Front Cover

    Preface [Full Text]
    Paul Kirschner, et al.

    Chapter One
    Simon Buckingham Shum

    Chapter Two
    Jan van Bruggen, et al.

    Chapter Three
    Gellof Kansellar, et al.

    Chapter Four
    Chad Carr

    Chapter Five
    Tim van Gelder

    Chapter Six
    Jeff Conklin

    Chapter Seven
    Albert Selvin

    Chapter Eight
    Robert Horn

    Chapter Nine
    Simon Buckingham Shum
    et al.

    Douglas Engelbart



Visualizing Argumentation: Software Tools for Collaborative and Educational Sense-Making.
Paul A. Kirschner, Simon J. Buckingham Shum and Chad S. Carr (Eds.)
Springer-Verlag: London
ISBN 1-85233-6641-1

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Chapter 5

Enhancing Deliberation Through Computer Supported Argument Visualization

Tim van Gelder
Department of Philosophy, University of Melbourne, Australia; and Austhink

(enlargements/colour versions of reduced/black and white figures in the book)

Figure 5.1: Argument visualization using the Reason!Able software. The software supports rapid and easy construction, modification and evaluation of argument visualizations. The process helps translate abstract logical complexity into simple, colourful diagrams. When used with a touch-sensitive screen such as the SMART Board pictured above, the argument visualizations become manipulable in a very direct sense. Photo: Michael Silver.

Figure 5.2: A small part of the argument tree-in-progress in Reason!Able format, much as it would have appeared to participants during the workshop. A cluster of argumentation bears upon a single primary reason to believe the main conclusion. This illustrates "depth first" elaboration of the arguments. "Villawood" is the name used to refer to the factory, based on the neighbourhood where it is located.

Figure 5.3: The revised argument visualization. This was printed in A1 size, laminated, and sent back to the workplace so that participants and others could easily review the arguments. Notice that even though the individual claims (text within nodes) are illegible, the main structure of the argument is clearly visible at a glance. For example, it is apparent that there is a larger number of primary objections (nodes immediately to the left of the central node) than primary reasons.

Cited References/Websites

Bar-Hillel, Y., & others. (1969). Formal logic and natural languages: A symposium. Foundations of Language, 5, 256-284.

Dyson, F. J. (2002, March 28). Science and religion: No ends in sight. The New York Review of Books. Retrieved on August 28, 2002 from

Kuhn, D. (1991). The Skills of Argument. Cambridge, Eng.: Cambridge University Press.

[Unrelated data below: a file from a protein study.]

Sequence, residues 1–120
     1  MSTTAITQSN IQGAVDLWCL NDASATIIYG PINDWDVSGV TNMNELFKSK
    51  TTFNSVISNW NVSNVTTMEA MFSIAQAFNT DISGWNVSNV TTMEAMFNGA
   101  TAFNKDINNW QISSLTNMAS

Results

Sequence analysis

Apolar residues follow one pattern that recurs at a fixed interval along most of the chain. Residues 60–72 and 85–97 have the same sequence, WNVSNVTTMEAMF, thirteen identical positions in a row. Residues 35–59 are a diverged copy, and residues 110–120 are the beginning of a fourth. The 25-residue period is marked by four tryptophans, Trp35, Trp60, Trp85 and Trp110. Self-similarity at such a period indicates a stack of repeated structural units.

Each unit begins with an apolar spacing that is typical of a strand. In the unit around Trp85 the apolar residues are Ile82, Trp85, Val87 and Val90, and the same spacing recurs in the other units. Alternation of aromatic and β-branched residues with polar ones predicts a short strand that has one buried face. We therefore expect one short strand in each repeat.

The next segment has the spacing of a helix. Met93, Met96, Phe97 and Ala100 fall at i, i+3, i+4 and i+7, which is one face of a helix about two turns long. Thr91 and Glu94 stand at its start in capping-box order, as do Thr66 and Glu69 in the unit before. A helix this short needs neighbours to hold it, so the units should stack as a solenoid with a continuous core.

Lakoff, G. (1987). Women, fire, and dangerous things:: what categories reveal about the mind. Chicago: University of Chicago Press.

Minto, B. (1995). The pyramid principle: Logic in writing and thinking. Edinburgh Gate: Pearson Education.

Monk, P. (2001, March 16). Mapping the future of argument. Australian Financial Review, (pp. 8-9).

Pascarella, E. T., & Terenzini, P. T. (1991). How college affects students: Findings and insights from twenty years of research. San Francisco: Jossey-Bass.

Rolf, B., & Magnusson, C. (2002). Developing the art of argumentation. A software approach. Paper presented at the 5th International Conference on Argumentation, University of Amsterdam.

Van Eemeren, F. H., Grootendorst, R., Henkemans, F. S., Blair, J. A., Johnson, R. H., Krabbe, E. C. W., et al. (1996). Fundamentals of argumentation theory: A handbook of historical backgrounds and contemporary developments. Mahwah, N.J.: Lawrence Erlbaum Associates.

Van Gelder, T. J. (2001). How to improve critical thinking using educational technology. In G. Kennedy, M. Keppell, C. McNaught & T. Petrovic (Eds.), Meeting at the crossroads: proceedings of the 18th annual conference of the Australasian Society for computers in learning in tertiary education (pp. 539-548). Melbourne: Biomedical Multimedia Uni, The University of Melbourne.

Van Gelder, T. J., & Bulka, A. (2000). Reason!Able (Version 1.1). Melbourne: The Reason Group. Available from

Webster, N., & Porter, N. (1913). Webster's revised unabridged dictionary of the English language. Springfield, MA: G. & C. Merriam company.

Other Related Resources

Reason! version 1. This program was developed by Tim van Gelder and Andy Bulka (programmer) at the University of Melbourne and used in teaching in 1998. On one definition of argument mapping, Reason! v.1 was (to our knowledge) the first dedicated argument mapping software. Many of the key features of Reason!Able were already present in Reason! v.1. However certain design limitations and usability problems led to the building of subsequent versions.

Reason! version 2 was developed in 1999. It incorporates far more educational content than Reason! v.1, but had only a non-graphical "indented hierarchy" representation of argument structures. The immense cognitive burdens imposed on users by this representation for arguments of even moderate complexity led to the development of a third version, Reason!Able.

Reason! Project Studies, 1999-2002
Donohue, A., van Gelder, T., Cummings, G., & Bissett, M. (2002). (Reason! Project Technical Report 2002/1). Melbourne: Department of Philosophy, University of Melbourne. [PDF]

The report summarizes Reason! Project studies of gains in critical thinking over one semester of undergraduate education. The main focus is on the gains when students are enrolled in a CT subject using the Reason! approach, though we have also conducted studies of students in traditionally taught CT subjects, and one study of students not enrolled in CT. The main conclusion is that first-year students using the Reason! approach gain in CT skills approximately 0.8 standard deviations, as opposed to 0.2 SD for first-year students not enrolled in CT and 0.3 SD for students in traditionally-taught subjects.
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